The Missouri Department of Conservation has reopened a portion of the refuge area at Peck Ranch Conservation Area to public access through a driving loop for viewing elk and other wildlife.
MDC closed the refuge area in March in preparation for the arrival of Missouri’s first group of wild elk, which are part of the Department’s ongoing elk restoration project.
MDC has designated a driving loop along roads 1, 11 and 10 of the refuge area that offers elk and other wildlife viewing opportunities along fields, streams and forested areas. The driving loop begins at the conservation access office and is marked along the way. Other roads in the refuge area remain closed to the public. Managed deer hunts on conservation access will continue as planned for the fall.
Area Manager Ryan Houf explained that elk seek the shade and food of forested areas during hot summer months and tend to graze in open fields during cooler periods in the fall, winter and spring. He added that the area is not a wildlife preserve, and the elk are wild animals.
“While they remain mostly in the refuge area at this point, these several dozen elk have about 23,000 acres at Peck Ranch to roam, and about 221,500 acres within the larger elk restoration zone covering parts of Carter, Reynolds and Shannon counties, so catching a glimpse of them may be a challenge,” he said.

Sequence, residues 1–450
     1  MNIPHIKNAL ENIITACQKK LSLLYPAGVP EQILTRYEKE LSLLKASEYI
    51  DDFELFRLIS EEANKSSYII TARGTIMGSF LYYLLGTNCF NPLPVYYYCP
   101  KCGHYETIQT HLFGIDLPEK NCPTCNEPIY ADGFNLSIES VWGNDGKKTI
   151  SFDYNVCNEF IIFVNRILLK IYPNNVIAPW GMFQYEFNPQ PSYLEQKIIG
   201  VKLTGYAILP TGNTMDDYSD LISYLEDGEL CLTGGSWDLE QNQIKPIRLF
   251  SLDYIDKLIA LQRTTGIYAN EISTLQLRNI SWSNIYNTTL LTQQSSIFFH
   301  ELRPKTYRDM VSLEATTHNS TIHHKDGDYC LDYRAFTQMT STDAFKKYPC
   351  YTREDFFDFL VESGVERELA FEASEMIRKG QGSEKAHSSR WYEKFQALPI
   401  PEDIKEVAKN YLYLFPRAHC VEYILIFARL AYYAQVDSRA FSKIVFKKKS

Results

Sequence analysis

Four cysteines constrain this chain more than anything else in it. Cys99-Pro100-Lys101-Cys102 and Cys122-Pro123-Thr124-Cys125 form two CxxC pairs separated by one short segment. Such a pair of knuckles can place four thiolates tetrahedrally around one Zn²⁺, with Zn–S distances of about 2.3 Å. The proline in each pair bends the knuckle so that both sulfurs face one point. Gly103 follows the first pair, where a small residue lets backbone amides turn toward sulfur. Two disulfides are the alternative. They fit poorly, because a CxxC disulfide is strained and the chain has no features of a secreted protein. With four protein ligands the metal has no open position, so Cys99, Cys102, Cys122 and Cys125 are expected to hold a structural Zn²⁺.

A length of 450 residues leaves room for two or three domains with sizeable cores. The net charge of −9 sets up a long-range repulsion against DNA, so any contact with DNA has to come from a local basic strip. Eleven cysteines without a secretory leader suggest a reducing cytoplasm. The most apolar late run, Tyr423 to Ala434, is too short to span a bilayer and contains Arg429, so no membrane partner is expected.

Houf cautioned that some gravel roads may not be accessible to vehicles without adequate ground clearance and some roads may be impassable at times due to due to high water levels at stream crossings or from flooding.
If people are fortunate to view elk, they must not disturb the animals in any way. Photographs are welcome, but the Missouri Wildlife Code prohibits the molesting, pursuing or enticing of wildlife, including elk, unless specifically permitted in the code or through related laws for activities such as hunting, fishing or trapping of specific species, which do not include elk.
MDC acquired 34 elk from Kentucky, which arrived at a holding pen on PRCA in early May. After an acclimation period, the elk – along with five new calves – were released to roam the rugged hills and valleys in the Carter County conservation area and eventually spread to the 221,500-acre elk restoration zone.
Directions to conservation area and maps are available through the MDC online “Conservation Area Atlas” at www.missouriconservation.org. Area maps and additional elk information are also available at the office when open.